Why this blog is called "Gallimaufry".

gal-uh-MAW-free\, noun.

Originally meaning "a hash of various kinds of meats," "gallimaufry" comes from French galimafrée; in Old French, from the word galer, "to rejoice, to make merry"; in old English: gala + mafrer: "to eat much," and from Medieval Dutch maffelen: "to open one's mouth wide."

It's also a dish made by hashing up odds and ends of food; a heterogeneous mixture; a hodge-podge; a ragout; a confused jumble; a ridiculous medley; a promiscuous (!) assemblage of persons.

Those of you who know me, will, I’m sure, understand how well some of these phrases (barring the "promiscuous" bit!) fit me.

More importantly, this blog is an ode to my love for Shimla. I hope to show you this little town through my eyes. If you don't see too many people in it, forgive me, because I'm a little chary of turning this into a human zoo.

Stop by for a spell, look at my pictures, ask me questions about Shimla, if you wish. I shall try and answer them as best as I can. Let's be friends for a while....

22 April 2009

Old, rich, bourgeois, distinguished.

British design critic Stephen Bayley once remarked that "interior design is a travesty of the architectural process and a frightening condemnation of the credulity, helplessness and gullibility of the most formidable consumers—the rich".
Walking into the Viceregal Lodge, you are at once awestruck, exasperated and amused by its interior. If its exterior is Promethean, its interiors are pure Hamlet! If the exterior is about Power, then the interior is an endless chain of indecision: pagan? Jacobean? Victorian? Scottish Baronial? Heck, let's have it all!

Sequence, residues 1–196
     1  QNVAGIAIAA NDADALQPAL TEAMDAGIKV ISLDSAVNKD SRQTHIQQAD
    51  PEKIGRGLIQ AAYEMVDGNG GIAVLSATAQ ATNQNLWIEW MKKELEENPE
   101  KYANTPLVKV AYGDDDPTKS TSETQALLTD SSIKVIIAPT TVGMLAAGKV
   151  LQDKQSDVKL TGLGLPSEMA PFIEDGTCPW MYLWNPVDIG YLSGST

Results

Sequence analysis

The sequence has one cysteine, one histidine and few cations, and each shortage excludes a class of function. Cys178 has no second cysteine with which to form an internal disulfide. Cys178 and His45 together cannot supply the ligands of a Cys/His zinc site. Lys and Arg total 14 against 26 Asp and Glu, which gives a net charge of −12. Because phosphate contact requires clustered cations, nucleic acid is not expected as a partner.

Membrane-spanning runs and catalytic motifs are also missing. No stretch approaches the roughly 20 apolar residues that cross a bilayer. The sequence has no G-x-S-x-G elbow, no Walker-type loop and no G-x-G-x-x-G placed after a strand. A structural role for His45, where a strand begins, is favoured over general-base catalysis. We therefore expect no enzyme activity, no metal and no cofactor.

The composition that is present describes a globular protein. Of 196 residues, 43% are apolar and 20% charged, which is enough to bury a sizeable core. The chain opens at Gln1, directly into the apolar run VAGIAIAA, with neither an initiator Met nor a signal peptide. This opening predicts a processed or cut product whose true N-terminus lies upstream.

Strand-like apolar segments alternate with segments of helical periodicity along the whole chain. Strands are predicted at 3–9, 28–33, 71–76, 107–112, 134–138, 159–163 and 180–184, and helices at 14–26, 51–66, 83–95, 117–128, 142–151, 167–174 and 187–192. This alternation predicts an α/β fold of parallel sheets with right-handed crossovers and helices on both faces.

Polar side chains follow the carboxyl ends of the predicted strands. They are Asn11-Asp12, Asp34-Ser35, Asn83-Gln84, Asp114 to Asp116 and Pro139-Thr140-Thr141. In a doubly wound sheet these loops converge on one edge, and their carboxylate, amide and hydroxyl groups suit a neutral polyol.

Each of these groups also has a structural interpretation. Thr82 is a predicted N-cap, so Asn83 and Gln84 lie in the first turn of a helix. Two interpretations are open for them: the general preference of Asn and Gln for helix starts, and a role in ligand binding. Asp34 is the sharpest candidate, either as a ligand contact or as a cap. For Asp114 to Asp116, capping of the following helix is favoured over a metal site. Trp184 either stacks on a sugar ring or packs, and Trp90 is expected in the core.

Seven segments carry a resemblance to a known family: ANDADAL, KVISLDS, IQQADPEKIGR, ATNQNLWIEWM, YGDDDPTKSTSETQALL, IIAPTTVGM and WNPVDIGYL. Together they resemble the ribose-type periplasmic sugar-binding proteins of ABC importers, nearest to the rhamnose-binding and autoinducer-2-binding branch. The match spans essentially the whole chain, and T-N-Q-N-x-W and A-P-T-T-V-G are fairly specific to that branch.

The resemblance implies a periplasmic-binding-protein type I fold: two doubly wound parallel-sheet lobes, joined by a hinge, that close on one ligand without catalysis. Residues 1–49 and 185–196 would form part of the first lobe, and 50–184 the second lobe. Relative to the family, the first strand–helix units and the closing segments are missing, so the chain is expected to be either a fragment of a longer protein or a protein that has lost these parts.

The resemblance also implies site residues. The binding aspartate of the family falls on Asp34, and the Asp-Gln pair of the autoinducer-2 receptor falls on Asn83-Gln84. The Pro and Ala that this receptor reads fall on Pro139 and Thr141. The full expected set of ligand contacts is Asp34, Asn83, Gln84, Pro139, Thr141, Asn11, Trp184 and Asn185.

The value of economy is abandoned in favour of grandeur, of a sort of unrestrained "look at me" drama! The woodwork, the heights, the patterns speak not only about the forces at work in society at the time when the Viceregal Lodge was created, but also about the intensely social character of the interiors of its occupants.
Rich detail characterises each room. Yet nothing is left to your imagination: it is not ambiguous, or arcane and certainly not mysterious. This is not a world of intuition; and yet, you are transported by the shape and form of the corporeal objects all around you into a world of unique and inexpressible beauty. There is order, and symmetry and a sort of moral comeliness to this building... If the intention is to strike awe in the viewer, it is achieved in great measure!!


Anonymous said...

Looks excellent to me. Fine, rich, warm, hardwood. I wonder whether the wood was harvested locally or was imported from England? Great pictures. Thank you. Hope to live in Shimla someday.

Gallimaufry said...

Thank you, dear Anonymous person. The wood is teak, imported from Burma. Looking at the size of the Viceregal Lodge, it is clear that somewhere a small forest was destroyed so that this rich look could be born.

Deep Sea said...

Interesting choice of words in your description of the interiors.
Missed seeing the Viceregal Lodge, during my maiden visit to Shimla earlier this month. But one of the books I picked up during the trip was Imperial Shimla by Pamela Kanwar. She quotes historical sources and personages describing it as '...most impressive structure in Shimla......yet trifle ludicrous' :-)

ps said...

i agree--we used to picnic on the grounds in our school days--and sneaked inside a couple of times...it was quite imposingly gothic outside yet even then,the interior seemed like a waste of wood..

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